As the CEO of Electronic Arts since 2007, John Riccitiello oversaw one of the most powerful, prodigious and influential companies in interactive entertainment — making him a man of similar attributes.
Today Riccitiello submitted his resignation to EA’s Board of Directors, with plans to step down from his role at the end of March after 12 years of employment dating back to 1997.
The news arrived in an official statement on EA’s blog written by Executive Chairman Larry Probst, who praised Riccitiello as a “great leader” and “bold decision maker” with “a big vision for online games, a passion for product quality and an enduring respect for the people who work here.”
“Looking ahead, EA’s strategy and future are rock solid. Our business is built on more than a dozen powerful, globally recognized brands. We are clear leaders in the fastest growing category in games — mobile — and we are positioned to lead on the next generation of consoles.”
Although financially, Electronics Arts’ profit margins have delivered a Fight Night-esque mixture of highs and lows during Riccitiello’s tenure, his reign at EA did indeed see the company place an emphasis on increasing product quality, as well re-engineering its development capabilities around mobile and social gaming and online connectivity. Constant corporate takeovers and extravagant use of paid DLC and microtransactions, however, have lead to incessant attacks against the company’s public image, and Riccitiello’s resignation arrives during what has arguably evolved into the largest — at the very least, it’s the loudest — public relations nightmare of its 31-year history: SimCity’s online meltdown.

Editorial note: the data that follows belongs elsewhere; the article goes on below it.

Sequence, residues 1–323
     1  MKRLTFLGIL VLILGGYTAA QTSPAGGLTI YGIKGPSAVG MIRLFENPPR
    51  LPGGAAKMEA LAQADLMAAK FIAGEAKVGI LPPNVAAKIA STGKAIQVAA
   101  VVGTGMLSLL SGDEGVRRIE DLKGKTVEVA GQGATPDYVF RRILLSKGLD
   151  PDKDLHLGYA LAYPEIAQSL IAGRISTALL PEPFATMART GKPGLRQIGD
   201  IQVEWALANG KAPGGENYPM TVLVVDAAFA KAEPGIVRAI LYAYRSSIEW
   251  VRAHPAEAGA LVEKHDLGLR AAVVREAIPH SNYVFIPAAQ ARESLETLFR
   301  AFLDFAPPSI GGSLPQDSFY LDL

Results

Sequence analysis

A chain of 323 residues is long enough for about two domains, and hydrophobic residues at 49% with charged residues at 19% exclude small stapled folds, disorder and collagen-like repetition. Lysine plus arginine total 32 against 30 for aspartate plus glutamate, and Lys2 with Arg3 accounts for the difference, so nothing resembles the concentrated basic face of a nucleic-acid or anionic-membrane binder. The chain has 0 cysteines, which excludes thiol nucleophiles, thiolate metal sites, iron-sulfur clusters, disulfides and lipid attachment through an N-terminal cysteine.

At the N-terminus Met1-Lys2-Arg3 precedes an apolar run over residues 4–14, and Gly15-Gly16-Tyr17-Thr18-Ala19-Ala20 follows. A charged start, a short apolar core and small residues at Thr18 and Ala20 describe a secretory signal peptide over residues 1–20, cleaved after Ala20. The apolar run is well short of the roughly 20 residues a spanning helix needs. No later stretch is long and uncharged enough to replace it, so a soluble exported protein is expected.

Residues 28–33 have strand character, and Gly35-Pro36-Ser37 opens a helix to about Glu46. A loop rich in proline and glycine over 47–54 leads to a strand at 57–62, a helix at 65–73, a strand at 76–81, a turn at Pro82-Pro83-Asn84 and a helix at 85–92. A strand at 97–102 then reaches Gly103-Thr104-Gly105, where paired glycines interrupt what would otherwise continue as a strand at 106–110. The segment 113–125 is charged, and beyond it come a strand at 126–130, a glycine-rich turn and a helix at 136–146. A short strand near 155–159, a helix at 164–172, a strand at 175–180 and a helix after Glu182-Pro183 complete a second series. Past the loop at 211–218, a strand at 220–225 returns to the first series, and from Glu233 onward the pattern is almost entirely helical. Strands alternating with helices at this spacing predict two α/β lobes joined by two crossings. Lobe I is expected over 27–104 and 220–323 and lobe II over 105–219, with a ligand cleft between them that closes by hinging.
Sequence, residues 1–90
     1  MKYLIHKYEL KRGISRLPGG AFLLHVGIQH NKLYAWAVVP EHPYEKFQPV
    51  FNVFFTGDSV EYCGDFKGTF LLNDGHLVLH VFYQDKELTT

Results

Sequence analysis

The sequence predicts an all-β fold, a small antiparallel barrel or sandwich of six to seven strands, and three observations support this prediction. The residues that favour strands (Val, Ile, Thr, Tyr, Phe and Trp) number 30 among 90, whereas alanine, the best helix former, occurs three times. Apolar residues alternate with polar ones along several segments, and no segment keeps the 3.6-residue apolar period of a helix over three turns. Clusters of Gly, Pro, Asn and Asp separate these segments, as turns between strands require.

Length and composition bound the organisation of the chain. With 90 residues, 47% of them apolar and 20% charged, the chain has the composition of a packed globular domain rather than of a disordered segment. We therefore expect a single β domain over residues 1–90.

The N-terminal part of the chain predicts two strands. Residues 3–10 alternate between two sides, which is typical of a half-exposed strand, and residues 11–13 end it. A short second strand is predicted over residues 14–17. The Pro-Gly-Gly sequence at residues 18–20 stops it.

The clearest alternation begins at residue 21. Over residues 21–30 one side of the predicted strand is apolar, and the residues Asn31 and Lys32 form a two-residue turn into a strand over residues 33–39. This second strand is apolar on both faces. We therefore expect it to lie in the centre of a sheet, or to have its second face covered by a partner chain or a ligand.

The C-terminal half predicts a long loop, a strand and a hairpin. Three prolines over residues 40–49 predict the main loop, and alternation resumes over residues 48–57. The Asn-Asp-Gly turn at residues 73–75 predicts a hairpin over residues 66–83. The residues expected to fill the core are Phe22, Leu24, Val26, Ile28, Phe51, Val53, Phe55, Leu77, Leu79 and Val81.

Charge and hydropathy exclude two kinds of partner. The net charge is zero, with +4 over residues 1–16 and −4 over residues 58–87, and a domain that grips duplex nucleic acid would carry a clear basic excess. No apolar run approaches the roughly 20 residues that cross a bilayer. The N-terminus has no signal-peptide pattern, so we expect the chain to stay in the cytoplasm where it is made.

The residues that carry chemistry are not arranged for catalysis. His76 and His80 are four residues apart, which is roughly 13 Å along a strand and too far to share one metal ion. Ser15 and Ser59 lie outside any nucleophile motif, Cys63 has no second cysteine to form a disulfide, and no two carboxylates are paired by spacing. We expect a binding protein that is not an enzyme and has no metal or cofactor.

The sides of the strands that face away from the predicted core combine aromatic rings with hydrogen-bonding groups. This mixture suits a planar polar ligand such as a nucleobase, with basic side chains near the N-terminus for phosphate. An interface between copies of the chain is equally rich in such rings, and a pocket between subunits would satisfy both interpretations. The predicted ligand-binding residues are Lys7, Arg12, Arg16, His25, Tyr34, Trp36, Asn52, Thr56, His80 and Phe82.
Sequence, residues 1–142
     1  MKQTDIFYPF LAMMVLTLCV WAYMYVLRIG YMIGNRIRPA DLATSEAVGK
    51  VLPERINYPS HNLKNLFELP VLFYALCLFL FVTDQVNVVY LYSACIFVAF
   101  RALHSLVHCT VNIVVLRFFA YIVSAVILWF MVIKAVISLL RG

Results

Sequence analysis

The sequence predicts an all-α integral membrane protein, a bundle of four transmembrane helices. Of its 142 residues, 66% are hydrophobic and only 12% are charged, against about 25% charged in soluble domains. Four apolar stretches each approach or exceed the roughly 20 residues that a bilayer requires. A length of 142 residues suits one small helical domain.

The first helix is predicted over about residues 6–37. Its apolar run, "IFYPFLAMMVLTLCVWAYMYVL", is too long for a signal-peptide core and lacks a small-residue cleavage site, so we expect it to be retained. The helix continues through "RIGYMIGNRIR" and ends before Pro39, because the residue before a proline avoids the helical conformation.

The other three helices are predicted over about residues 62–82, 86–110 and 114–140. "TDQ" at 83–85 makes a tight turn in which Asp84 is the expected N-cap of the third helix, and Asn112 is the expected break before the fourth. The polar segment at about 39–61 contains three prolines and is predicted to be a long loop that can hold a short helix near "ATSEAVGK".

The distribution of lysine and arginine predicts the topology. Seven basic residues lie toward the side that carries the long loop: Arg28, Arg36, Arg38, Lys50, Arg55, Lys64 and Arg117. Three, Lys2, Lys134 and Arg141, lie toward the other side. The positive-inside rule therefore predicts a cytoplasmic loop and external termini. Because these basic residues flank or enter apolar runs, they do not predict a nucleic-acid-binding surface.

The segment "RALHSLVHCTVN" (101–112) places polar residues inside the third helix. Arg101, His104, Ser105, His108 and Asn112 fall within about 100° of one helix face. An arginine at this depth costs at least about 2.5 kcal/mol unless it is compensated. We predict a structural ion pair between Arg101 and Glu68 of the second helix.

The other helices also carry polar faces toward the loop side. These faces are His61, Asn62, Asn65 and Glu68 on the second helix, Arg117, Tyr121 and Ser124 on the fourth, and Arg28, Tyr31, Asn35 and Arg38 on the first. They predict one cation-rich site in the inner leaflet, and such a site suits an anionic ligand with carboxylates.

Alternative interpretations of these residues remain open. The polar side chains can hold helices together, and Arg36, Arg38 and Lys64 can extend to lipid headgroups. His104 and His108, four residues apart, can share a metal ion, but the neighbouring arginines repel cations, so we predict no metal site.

Essentially a reboot of the legendary urban creation/metropolitan management simulator, 2013’s SimCity is the first iteration in the Maxis-developed series to mandate an Internet connection. Needless to say, we’ve seen the results: the server outages, the hacks and bugs, the impediments to saving games. The Failure to Launch. Whether or not always-on Internet came at EA’s behest is still nebulous — Maxis VP Lucy Bradshaw maintained recently that it was the developer’s decision — but it’s also become moot. Responsibility and liability has been buried under a sprawl of negative press and consumer backlash, compelling EA to offer SimCity players one of its marquee games — Mass Effect 3, Battlefield 3 and Dead Space 3, to name a few choices — for free.
That Riccitiello’s departure coincides with the SimCity debacle might illustrate consequence; it might illustrate coincidence. What it will be unquestionably is an enduring mark on the CEO’s legacy; an unresolved crisis left at the feet of the next to fill his shoes.
What do you think led to John Riccitiello’s resignation from EA? Is it time for fresh blood to steer the company in the new direction, or veteran leadership to stay the course?
Follow Brian on Twitter @Brian_Sipple.